Ultra-nationalists have emerged as the biggest force in Serbia's general election with 27.5% of the vote, independent election monitors say.
Turnout approached 60%, election monitors said
The Serbian Radical Party (SRS) is led by Vojislav Seselj, a war crimes suspect behind bars in The Hague.
Three main pro-democracy parties together are set to win 41.5%, indicating that together they would be able to prevent the SRS taking power.
The election is seen as a watershed for Serbia's fledgling democracy.
The turnout was just over 59%, or 3.8 million voters, according to the monitors.
This would make it the highest since the Socialist Party of former Yugoslav President Slobodan Milosevic was defeated in 2000.
But in a strange twist, it seems almost certain that Mr Milosevic - who is himself standing trial in The Hague - will be elected to the parliament.
He tops the list of the Socialist Party, which is set to clear the 5% threshold for seats in parliament.
Leaders of the former democratic bloc which ousted Mr Milosevic promised a stable new government, despite being deeply split.
But the high turnout seems to indicate that many Serbs opposed to the Radicals have been voting in greater numbers than expected.
It seems likely that democrats will form a coalition after Sunday's poll.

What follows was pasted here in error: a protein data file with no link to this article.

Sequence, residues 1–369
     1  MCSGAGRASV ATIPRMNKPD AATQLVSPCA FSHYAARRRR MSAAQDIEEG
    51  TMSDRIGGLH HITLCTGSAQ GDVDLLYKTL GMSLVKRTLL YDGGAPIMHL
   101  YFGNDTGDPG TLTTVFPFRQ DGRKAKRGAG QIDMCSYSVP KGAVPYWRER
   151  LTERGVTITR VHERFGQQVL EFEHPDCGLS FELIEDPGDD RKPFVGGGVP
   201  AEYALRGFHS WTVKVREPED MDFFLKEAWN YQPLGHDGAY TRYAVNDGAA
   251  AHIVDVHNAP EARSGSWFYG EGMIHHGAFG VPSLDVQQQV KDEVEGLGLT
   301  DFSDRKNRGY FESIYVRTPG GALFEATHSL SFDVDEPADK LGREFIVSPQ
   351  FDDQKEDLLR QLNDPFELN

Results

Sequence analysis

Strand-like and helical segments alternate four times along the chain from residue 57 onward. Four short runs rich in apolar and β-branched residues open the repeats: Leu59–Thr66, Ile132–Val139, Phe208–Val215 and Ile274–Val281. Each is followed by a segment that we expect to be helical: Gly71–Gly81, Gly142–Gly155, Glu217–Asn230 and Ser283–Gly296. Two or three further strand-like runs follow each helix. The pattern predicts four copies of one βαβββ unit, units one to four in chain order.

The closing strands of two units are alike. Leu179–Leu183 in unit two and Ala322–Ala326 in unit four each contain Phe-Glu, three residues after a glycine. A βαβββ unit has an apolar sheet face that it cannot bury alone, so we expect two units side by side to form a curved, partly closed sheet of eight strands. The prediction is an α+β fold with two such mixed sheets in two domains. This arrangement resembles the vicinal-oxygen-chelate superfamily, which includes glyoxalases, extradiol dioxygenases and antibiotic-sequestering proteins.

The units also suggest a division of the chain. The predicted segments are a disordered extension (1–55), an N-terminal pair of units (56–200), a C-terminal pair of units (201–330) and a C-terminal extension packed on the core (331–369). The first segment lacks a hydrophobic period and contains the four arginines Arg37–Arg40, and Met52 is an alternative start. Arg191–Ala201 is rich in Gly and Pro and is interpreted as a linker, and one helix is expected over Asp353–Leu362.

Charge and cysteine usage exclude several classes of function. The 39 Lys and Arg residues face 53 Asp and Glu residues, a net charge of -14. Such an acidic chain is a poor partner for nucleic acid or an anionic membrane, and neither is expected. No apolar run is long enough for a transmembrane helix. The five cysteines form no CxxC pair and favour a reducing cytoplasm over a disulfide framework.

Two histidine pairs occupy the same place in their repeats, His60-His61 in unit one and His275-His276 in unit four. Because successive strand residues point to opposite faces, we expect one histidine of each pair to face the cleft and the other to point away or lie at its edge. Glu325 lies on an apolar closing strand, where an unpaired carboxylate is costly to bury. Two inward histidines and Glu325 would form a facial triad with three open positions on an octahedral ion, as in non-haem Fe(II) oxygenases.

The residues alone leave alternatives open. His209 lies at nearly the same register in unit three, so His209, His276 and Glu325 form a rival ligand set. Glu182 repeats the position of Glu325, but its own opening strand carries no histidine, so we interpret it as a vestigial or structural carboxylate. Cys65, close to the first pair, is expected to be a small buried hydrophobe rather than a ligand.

Two or three parties are expected to work together in a broadly pro-Western European bloc.
But they have warned that it will be hard to find a consensus to push forward stalled reforms.
The second most popular party, according to polls, is the Democratic Party of Serbia led by Vojislav Kostunica, who replaced Mr Milosevic as Yugoslav president in 2000.
Mr Kostunica has been at odds with supporters of former Prime Minister Zoran Djindjic, who was assassinated in March, since soon after Mr Milosevic's overthrow.
But Mr Kostunica said as he cast his ballot that he expected the elections to bring political calm to Serbia.
"I'm expecting that the elections will unblock institutions,
bring political stability to Serbia ... speed up our European
integration and the European future of Serbia," he said.
Mr Djindjic's Democratic Party was trailing in fourth place in pre-election opinion polls.
The surge in support for the ultra-nationalist SRS is being blamed on the poor state of the Serbian economy.
SRS deputy leader Nikolic: "Long live Great Serbia"
The party is promising to improve wages and pensions, and to cut the cost of living - all popular policies with an impoverished electorate.
The BBC's Matthew Price in Belgrade says some Serbians are genuinely worried about a return to nationalism, but to allay their fears Radical deputy leader Tomislav Nikolic says the days of war between nations here are long gone.
However, he admits relations with neighbouring countries would probably cool if he was in power.